The third convention, hyperbole, or extravagant exaggeration, is used to keep the audience interested, by making the story more interesting to the listener. It is more entertaining to state that Beowulf “renounce[s] sword and the shelter of the broad shield” ( ll 436-7) than to say he is brave. When the poet states Grendel “ripped open the mouth of the building, maddening for blood” (ll 723-4) it makes the monster seem even more horrifying, and the encounter becomes even more tense and gripping to the reader. Boasting is a vital part of the warriors’ ritual before doing battle with an opponent; not only does it lift the warriors’ morale, but it also adds to their fame when a boast can be fulfilled. This exaggeration does more than add to the tone of the poem, it also audibly mirrors the hero’s need to boast before doing battle with the monsters. So, the hyperbole is used to solidify the fact that boasting was a major part of the hero’s deeds.

The kennings, alliteration, and hyperbole all serve different functions within Beowulf to add to the poem’s meaning. These three simple devices affect the tone of the poem as much as the poetry itself. Although the monk who transcribed Beowulf adds Christian elements to make it more palatable for his audience, he does his best to keep the original “flavor” of the text intact. Through keeping the traditional elements of this oral epic, the poet has preserved Beowulf’s culture as well as his story. The poet captures many things that would otherwise never be known about the extinct Geat people. Beowulf can be considered to be long and wordy, but if one allows themselves to experience its vivid kennings, chanting alliteration, and fantastic hyperbole the epic comes alive to reader and listener alike.

infoRemember: This is just a sample from a fellow student.

Your time is important. Let us write you an essay from scratch

100% plagiarism-free

Sources and citations are provided

Find Free Essays

We provide you with original essay samples, perfect formatting and styling

Cite this Essay

To export a reference to this article please select a referencing style below:

Beowulf: Oral Literature In Writing. (2018, April 21). GradesFixer. Retrieved April 23, 2021, from https://gradesfixer.com/free-essay-examples/beowulf-written-oral-literature/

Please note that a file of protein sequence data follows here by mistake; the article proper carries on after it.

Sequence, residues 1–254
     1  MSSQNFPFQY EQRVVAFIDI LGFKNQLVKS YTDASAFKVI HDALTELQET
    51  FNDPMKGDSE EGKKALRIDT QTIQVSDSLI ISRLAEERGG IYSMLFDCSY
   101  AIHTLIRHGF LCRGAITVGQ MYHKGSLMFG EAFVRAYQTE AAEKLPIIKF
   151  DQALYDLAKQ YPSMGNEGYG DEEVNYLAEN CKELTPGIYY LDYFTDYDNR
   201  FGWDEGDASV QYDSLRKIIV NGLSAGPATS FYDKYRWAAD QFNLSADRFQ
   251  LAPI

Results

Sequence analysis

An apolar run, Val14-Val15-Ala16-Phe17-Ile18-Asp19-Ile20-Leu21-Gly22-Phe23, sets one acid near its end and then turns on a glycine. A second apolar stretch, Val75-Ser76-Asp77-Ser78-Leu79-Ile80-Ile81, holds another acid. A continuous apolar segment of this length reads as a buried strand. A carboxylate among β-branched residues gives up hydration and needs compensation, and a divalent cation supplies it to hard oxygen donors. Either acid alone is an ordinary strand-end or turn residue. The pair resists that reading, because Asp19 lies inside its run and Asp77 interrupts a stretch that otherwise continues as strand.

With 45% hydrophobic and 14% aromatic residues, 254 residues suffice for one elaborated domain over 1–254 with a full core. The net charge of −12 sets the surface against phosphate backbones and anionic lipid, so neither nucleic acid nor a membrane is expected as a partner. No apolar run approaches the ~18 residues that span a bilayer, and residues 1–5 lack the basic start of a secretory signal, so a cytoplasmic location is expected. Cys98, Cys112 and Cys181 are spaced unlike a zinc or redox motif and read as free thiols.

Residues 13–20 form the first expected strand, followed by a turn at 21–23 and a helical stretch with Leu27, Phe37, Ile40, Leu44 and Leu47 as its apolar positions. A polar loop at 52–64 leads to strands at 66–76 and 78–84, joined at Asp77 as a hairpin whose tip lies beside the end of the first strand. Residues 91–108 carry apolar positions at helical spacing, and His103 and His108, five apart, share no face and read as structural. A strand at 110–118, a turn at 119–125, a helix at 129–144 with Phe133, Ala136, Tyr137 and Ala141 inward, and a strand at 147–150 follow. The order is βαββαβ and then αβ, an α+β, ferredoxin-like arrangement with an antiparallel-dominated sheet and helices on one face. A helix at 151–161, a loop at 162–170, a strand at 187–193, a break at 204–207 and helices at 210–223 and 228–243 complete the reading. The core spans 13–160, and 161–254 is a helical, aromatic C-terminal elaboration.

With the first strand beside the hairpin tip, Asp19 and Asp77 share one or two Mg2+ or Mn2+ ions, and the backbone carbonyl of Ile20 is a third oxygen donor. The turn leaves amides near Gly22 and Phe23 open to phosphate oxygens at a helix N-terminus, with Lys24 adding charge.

“Beowulf: Oral Literature In Writing.” GradesFixer, 21 Apr. 2018, gradesfixer.com/free-essay-examples/beowulf-written-oral-literature/
Beowulf: Oral Literature In Writing. [online]. Available at: <https://gradesfixer.com/free-essay-examples/beowulf-written-oral-literature/> [Accessed 23 Apr. 2021].
Beowulf: Oral Literature In Writing [Internet]. GradesFixer. 2018 Apr 21 [cited 2021 Apr 23]. Available from: https://gradesfixer.com/free-essay-examples/beowulf-written-oral-literature/
copy to clipboard
close

Sorry, copying is not allowed on our website. If you’d like this or any other sample, we’ll happily email it to you.

    By clicking “Send”, you agree to our Terms of service and Privacy statement. We will occasionally send you account related emails.

    close

    Attention! this essay is not unique. You can get 100% plagiarism FREE essay in 30sec

    Recieve 100% plagiarism-Free paper just for 4.99$ on email
    get unique paper
    *Public papers are open and may contain not unique content
    download public sample
    close

    Sorry, we cannot unicalize this essay. You can order Unique paper and our professionals Rewrite it for you

    close

    Thanks!

    Your essay sample has been sent.

    Want us to write one just for you? We can custom edit this essay into an original, 100% plagiarism free essay.

    thanks-icon Order now
    boy

    Hi there!

    Are you interested in getting a customized paper?

    Check it out!
    Having trouble finding the perfect essay? We’ve got you covered. Hire a writer

    GradesFixer.com uses cookies. By continuing we’ll assume you board with our cookie policy.

    exit-popup-close

    Haven't found the right essay?

    Get an expert to write you the one you need!

    exit-popup-print

    Professional writers and researchers

    exit-popup-quotes

    Sources and citation are provided

    exit-popup-clock

    3 hour delivery

    exit-popup-persone